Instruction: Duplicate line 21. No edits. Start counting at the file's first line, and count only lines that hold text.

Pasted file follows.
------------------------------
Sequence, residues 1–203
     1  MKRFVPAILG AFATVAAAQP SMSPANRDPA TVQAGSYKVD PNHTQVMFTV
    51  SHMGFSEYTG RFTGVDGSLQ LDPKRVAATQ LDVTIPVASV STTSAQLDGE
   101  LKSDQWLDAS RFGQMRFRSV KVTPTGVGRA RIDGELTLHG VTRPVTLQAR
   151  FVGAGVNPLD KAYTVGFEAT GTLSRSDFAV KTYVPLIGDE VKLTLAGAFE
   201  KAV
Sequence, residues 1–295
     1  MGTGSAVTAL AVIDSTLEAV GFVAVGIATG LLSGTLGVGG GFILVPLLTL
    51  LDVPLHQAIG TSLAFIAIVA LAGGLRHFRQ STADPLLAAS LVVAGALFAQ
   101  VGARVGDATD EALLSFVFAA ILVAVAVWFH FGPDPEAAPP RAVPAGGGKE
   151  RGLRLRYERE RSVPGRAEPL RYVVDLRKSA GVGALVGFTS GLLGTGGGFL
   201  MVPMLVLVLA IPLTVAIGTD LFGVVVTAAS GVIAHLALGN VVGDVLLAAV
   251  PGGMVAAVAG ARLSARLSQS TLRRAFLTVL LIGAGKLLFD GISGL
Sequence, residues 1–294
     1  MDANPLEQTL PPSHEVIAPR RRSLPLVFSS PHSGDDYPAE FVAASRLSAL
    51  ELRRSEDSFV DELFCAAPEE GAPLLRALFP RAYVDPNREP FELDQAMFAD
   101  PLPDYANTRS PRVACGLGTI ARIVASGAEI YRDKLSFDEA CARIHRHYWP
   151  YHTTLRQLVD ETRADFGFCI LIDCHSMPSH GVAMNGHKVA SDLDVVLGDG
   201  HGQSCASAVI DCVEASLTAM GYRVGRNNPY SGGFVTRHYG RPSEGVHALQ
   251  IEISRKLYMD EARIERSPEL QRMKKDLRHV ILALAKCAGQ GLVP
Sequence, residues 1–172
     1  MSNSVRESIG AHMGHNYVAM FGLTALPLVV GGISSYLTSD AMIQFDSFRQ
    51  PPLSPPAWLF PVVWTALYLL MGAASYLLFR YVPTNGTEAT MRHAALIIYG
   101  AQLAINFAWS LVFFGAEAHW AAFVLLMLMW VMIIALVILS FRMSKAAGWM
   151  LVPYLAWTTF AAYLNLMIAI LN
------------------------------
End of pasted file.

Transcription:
Sequence, residues 1–172